When Kurt Vonnegut wasn’t writing, he was drawing. “The making of pictures is to writing what laughing gas is to the Asian influenza,” he said. The New Yorker has a slideshow of 10 of his cubist sketches. You can find more of his doodles in the new book Kurt Vonnegut Drawings.
The #VonnegutSummer may be over, but The Vonnegut Review is alive and well. We’ve just penned a review of Robert Tally’s marvelous new theoretical take on Vonnegut. Here’s a snippet:
Vonnegut’s “telegraphic schizophrenic novel,” then, offers a resolute defense of the human even as it deconstructs the notion of the self. What Vonnegut returns to, in his exploration of eternal recurrence and Tralfamadorian ethics, is what Nietzsche refers to as amor fati, or the love of fate. Amidst the terror of history and the trauma of war, Vonnegut, yearning to recover a lost wholeness, shores up the ruins of modernity in the fragments of narrative.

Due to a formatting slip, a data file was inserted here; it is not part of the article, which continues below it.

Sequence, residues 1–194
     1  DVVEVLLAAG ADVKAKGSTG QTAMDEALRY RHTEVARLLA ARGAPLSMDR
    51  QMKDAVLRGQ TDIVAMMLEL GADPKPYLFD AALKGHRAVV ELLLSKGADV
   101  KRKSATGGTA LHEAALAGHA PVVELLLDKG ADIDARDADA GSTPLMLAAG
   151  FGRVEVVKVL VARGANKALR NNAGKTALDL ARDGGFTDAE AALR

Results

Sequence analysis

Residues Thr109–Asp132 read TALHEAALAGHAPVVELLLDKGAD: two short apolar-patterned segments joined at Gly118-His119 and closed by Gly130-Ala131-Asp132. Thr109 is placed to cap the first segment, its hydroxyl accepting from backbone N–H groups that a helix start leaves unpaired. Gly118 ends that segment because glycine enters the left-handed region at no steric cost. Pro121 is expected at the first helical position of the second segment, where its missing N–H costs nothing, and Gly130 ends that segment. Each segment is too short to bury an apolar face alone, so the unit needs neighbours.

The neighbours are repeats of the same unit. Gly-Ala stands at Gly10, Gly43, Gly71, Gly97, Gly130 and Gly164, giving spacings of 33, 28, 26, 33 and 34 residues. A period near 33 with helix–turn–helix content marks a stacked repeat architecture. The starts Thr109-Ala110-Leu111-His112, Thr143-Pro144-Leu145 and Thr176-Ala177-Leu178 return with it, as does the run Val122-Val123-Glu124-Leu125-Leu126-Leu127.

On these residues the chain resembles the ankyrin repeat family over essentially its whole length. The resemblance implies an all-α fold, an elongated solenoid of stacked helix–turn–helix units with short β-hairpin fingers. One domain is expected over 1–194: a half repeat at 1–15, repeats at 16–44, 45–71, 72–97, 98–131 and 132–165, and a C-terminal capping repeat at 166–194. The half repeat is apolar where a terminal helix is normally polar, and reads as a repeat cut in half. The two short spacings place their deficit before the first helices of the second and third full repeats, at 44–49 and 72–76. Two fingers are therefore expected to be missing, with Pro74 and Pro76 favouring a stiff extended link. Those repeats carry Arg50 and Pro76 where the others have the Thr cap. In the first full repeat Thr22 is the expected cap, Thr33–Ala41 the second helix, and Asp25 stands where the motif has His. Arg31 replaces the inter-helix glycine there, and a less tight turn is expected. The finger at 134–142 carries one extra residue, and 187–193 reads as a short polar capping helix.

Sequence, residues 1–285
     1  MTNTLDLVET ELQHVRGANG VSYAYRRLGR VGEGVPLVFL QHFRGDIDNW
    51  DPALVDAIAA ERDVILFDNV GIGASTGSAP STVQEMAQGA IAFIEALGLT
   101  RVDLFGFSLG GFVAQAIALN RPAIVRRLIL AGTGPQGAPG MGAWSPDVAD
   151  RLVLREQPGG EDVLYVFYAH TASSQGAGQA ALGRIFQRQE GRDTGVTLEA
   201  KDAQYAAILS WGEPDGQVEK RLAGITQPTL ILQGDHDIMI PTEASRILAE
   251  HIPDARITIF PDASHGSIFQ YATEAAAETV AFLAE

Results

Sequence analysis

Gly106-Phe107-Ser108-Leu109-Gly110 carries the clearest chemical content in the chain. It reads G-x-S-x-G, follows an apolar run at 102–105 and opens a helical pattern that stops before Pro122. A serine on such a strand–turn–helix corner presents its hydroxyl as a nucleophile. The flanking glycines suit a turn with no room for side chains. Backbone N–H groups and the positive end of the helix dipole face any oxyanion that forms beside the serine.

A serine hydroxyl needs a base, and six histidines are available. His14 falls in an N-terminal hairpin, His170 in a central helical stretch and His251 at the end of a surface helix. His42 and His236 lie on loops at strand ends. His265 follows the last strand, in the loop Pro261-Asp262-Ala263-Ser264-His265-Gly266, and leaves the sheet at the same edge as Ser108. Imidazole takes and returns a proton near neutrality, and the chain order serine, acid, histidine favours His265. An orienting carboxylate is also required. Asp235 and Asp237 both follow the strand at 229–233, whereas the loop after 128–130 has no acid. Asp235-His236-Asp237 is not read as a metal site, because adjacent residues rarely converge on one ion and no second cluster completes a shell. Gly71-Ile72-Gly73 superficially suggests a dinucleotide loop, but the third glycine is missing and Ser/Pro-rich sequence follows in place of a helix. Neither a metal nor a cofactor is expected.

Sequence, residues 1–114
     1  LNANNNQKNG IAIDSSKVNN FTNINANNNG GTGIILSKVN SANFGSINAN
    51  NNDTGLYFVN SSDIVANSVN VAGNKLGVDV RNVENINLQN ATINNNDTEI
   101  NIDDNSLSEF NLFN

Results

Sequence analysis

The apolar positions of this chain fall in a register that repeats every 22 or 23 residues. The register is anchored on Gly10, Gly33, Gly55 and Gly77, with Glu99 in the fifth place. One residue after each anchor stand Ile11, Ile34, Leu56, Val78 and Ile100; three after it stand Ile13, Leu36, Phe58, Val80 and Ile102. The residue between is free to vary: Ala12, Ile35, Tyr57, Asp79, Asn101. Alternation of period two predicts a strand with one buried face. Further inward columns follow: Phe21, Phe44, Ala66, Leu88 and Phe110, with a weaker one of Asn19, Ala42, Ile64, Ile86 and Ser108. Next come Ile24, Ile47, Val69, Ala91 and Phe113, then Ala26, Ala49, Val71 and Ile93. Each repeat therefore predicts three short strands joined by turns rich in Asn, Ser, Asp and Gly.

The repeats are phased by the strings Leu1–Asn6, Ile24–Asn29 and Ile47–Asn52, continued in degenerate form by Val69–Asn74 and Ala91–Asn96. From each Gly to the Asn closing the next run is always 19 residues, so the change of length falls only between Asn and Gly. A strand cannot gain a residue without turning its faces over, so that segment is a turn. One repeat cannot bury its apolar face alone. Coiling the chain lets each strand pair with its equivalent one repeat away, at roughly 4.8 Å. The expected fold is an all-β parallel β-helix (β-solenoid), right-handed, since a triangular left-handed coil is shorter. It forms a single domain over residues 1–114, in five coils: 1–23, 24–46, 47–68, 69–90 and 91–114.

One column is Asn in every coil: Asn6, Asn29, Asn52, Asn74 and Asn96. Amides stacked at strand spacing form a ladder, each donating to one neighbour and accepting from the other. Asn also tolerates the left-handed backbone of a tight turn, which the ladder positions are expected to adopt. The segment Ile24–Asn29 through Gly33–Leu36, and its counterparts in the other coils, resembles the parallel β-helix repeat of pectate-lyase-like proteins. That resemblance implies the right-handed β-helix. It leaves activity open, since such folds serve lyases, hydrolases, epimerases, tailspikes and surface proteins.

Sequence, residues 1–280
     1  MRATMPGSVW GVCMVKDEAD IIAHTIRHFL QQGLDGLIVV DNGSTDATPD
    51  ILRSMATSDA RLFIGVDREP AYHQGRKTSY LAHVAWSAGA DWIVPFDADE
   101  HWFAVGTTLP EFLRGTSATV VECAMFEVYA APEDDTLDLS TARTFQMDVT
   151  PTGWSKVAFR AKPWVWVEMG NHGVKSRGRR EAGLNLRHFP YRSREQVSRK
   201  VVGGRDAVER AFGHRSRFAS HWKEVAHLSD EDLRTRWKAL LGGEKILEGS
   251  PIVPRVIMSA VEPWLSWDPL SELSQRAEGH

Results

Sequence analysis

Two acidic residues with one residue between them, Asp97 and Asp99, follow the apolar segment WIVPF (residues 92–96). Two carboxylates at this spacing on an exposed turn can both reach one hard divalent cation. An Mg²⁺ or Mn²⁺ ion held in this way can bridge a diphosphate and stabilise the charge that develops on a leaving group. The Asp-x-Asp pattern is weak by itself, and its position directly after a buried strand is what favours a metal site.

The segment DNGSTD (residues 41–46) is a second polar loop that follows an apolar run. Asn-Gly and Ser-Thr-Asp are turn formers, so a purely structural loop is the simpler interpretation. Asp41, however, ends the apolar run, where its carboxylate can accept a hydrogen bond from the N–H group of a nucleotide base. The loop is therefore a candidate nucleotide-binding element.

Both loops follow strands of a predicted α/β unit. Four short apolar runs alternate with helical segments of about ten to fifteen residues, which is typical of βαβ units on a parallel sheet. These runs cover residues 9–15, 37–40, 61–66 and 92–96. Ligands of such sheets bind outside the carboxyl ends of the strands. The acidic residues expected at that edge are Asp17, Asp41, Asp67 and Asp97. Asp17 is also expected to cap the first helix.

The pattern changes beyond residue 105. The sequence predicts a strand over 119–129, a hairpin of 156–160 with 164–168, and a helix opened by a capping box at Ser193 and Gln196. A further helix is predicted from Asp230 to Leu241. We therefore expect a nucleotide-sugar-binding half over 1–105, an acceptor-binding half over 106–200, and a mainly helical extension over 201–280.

“Reading and writing are in themselves subversive acts. What they subvert is the notion that things have to be the way they are, that you are alone, that no one has ever felt the way you have. What occurs to most people when they read Kurt is that things are much more up for grabs than they thought they were. The world is a slightly different place just because they read a damn book. Fancy that.”
—Mark Vonnegut (on Kurt Vonnegut in Armageddon in Retrospect). (via callumcanreadandwrite)
“Do you realize that all great literature- are all about what a bummer it is to be a human being?”
(Isn’t it such a relief to have somebody say that?)
Venus on the Half-Shell
"Kilgore Trout," Dell, 1975.
Actually written by Philip Jose Farmer. Strangely kind of great.